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This chapter provides a conceptual overview of the theoretical literature and research on precarity, intimacy and reproduction. It unites these concepts to formulate a theory of precarious intimacy as the ‘place between difficulty and desire’ in insecure rented accommodation. This chapter also offers a geo-historical account of the assetisation of housing in Britain and specifically in London, with emphasis on the imperialist politics undergirding this process.

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Addressing what queer conflict studies research looks like is the key work of this book. Envisioning a future for queer conflict studies that complicates and even transforms how conflict research is performed, what it examines, and what it means, the authors across this volume consider seriously the theory and practice of ‘queer conflict research’—particularly exploring ‘new approaches to the study of political violence’. These ‘new approaches’ consider how methods and methodology can be queered, and what that means for conversations between queer conflict research, feminist security studies, queer international relations, and critical work in security and transitional justice. It does so in three parts dealing with different dimensions of queer conflict research: queer approaches to conflict research, queer methods in the practice of conflict research, and addressing queer experiences of conflict research. Across these parts, this book provides key insights into what it looks like to do queer research in conflict studies, and what queer conflict research’s political and epistemological commitments might be. This conclusion looks at lessons learned across the book, and makes some observations about potential futures for queer conflict research.

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Research on the impacts of conflict and displacement on persons of diverse sexual orientations, gender identities, and expressions and sex characteristics (SOGIESC) has grown over the course of the past years, and the Syrian Civil War has been one of the main case studies that has been studied in this respect. Alongside academic research, local and international non-governmental organizations (NGOs) have played a key role in this, and all four of us authors have been involved closely with these processes. In an informal dialogue, we explore here some of the benefits and drawbacks, some of the achievements and frustrations of conducting this research with diverse SOGIESC people in Lebanon, Syria, and Turkey, as well as reflecting on doing advocacy and trying to make research meaningful to our research participants.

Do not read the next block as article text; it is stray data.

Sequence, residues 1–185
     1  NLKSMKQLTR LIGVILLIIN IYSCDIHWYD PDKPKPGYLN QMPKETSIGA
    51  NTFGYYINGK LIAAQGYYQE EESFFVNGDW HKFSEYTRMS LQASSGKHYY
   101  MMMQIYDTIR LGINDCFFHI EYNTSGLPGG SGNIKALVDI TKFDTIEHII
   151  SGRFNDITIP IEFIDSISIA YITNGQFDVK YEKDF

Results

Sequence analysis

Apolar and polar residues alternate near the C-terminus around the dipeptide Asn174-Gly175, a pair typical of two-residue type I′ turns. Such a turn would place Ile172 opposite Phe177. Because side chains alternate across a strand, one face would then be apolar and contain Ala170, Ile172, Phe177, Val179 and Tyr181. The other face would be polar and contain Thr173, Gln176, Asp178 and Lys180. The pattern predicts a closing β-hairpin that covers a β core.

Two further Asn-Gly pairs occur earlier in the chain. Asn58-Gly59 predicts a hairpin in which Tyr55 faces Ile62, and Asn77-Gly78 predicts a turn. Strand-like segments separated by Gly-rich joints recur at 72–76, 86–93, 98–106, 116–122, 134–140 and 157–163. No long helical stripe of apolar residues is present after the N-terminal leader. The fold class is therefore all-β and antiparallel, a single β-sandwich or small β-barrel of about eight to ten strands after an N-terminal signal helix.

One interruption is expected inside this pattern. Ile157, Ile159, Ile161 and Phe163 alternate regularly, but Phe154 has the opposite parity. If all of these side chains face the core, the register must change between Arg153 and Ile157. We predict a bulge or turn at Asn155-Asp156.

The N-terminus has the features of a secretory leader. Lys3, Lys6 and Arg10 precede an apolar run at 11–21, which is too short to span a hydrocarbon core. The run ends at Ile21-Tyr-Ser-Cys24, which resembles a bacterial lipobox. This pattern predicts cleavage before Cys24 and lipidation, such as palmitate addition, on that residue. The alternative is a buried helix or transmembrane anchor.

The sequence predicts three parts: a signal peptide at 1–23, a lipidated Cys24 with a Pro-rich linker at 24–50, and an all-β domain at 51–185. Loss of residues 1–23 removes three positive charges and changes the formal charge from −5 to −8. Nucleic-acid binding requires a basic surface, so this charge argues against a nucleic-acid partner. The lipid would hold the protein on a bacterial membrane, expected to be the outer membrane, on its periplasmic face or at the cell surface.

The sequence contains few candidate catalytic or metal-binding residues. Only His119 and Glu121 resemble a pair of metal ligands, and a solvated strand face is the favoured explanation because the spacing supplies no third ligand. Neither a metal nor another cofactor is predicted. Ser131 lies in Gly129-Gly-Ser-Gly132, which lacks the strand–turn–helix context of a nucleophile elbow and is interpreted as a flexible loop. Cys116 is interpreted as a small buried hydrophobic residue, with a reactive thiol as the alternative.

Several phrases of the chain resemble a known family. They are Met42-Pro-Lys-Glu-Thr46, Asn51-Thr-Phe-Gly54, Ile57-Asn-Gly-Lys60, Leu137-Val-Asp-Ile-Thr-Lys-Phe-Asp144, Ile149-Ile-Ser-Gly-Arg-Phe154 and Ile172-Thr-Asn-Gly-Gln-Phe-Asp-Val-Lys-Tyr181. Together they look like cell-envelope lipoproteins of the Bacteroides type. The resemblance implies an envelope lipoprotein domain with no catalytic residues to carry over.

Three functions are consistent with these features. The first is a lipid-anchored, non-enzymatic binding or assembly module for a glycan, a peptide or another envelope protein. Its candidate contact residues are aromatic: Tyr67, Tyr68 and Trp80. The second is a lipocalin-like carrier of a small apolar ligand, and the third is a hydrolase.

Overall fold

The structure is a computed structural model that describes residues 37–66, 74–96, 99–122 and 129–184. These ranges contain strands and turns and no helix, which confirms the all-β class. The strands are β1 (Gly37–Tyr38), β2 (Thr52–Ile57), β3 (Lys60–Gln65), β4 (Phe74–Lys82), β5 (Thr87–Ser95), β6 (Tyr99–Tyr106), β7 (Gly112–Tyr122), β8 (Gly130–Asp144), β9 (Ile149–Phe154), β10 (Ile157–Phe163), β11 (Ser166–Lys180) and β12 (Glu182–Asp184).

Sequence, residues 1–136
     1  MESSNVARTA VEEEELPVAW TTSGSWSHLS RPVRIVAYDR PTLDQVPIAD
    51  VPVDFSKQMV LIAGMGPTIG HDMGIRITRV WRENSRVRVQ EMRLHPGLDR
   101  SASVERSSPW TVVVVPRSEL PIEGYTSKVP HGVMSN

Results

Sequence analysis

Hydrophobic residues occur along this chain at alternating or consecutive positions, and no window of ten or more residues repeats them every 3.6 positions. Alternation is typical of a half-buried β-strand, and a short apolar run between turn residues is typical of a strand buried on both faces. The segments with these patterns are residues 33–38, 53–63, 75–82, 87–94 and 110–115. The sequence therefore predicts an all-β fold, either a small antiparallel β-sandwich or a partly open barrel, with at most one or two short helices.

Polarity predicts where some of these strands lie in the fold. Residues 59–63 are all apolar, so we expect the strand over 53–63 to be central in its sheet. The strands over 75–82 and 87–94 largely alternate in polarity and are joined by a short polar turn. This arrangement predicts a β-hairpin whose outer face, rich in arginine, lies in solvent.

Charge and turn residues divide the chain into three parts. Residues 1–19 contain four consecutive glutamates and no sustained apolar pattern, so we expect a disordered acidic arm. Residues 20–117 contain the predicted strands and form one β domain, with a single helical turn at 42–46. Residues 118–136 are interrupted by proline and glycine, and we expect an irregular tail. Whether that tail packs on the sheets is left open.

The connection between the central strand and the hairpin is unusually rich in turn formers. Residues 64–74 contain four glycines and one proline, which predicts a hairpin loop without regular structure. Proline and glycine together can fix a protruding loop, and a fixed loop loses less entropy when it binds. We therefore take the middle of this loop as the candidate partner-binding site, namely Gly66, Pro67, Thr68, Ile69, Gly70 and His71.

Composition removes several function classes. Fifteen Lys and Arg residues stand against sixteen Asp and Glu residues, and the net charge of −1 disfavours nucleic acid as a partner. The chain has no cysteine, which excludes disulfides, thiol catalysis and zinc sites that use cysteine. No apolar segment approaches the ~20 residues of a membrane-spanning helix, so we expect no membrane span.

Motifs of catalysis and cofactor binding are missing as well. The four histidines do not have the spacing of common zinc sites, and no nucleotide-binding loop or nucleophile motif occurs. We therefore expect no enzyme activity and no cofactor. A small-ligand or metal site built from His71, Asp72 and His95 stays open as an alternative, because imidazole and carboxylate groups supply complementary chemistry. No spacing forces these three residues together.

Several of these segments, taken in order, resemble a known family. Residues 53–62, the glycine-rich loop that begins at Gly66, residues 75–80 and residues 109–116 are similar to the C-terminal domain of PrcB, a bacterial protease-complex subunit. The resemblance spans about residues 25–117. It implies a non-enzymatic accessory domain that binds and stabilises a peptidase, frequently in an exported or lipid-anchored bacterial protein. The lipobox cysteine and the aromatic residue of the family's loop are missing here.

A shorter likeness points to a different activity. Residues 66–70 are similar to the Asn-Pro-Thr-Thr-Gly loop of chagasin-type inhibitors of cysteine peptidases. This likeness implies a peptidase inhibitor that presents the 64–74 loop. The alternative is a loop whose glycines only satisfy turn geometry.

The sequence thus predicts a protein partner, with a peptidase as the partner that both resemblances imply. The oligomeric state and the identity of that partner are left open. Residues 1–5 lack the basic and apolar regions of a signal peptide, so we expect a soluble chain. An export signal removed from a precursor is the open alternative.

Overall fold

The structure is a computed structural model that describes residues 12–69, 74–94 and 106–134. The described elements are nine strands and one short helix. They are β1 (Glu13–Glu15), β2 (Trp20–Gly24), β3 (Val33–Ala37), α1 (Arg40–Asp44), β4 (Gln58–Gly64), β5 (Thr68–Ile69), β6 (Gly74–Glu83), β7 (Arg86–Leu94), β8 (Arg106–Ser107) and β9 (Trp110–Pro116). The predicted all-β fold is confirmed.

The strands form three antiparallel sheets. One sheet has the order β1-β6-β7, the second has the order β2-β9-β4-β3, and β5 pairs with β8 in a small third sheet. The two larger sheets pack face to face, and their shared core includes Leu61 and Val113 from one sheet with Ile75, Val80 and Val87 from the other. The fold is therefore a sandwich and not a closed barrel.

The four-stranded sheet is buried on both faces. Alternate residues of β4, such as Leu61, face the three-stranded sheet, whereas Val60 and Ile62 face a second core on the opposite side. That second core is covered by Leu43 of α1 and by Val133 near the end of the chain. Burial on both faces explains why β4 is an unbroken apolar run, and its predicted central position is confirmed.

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As a queer, Muslim, Afghan asylum seeker, I was hesitant to return to my own community of Afghans and conduct an ethnographic study of their displacement journeys from Afghanistan and subsequent lives in exile in the US. Prior to embarking on my fieldwork, I asked myself: will they accept me as I am or do I have to hide parts of me? Will I be disrupting ethical terrains of research if I rely on secrecy? Once in the field, I came to realize that to some Afghans I was a piece of home; a displaced person, under state scrutiny just like them. To some, I reminded them of their cousin. They wanted to share a few cups of tea, flavoured with nostalgia for home. To others, my queer self was seen as a transgressor of Afghanness, failed at life and doomed in the afterlife, as they would say. How are identities and experiences of a researcher entangled with those of the researched? How do attachments to home and experiences of war and displacements trouble the ethical terrains in the field? This chapter explores these questions while advancing a diasporic feminist queer ethics of care.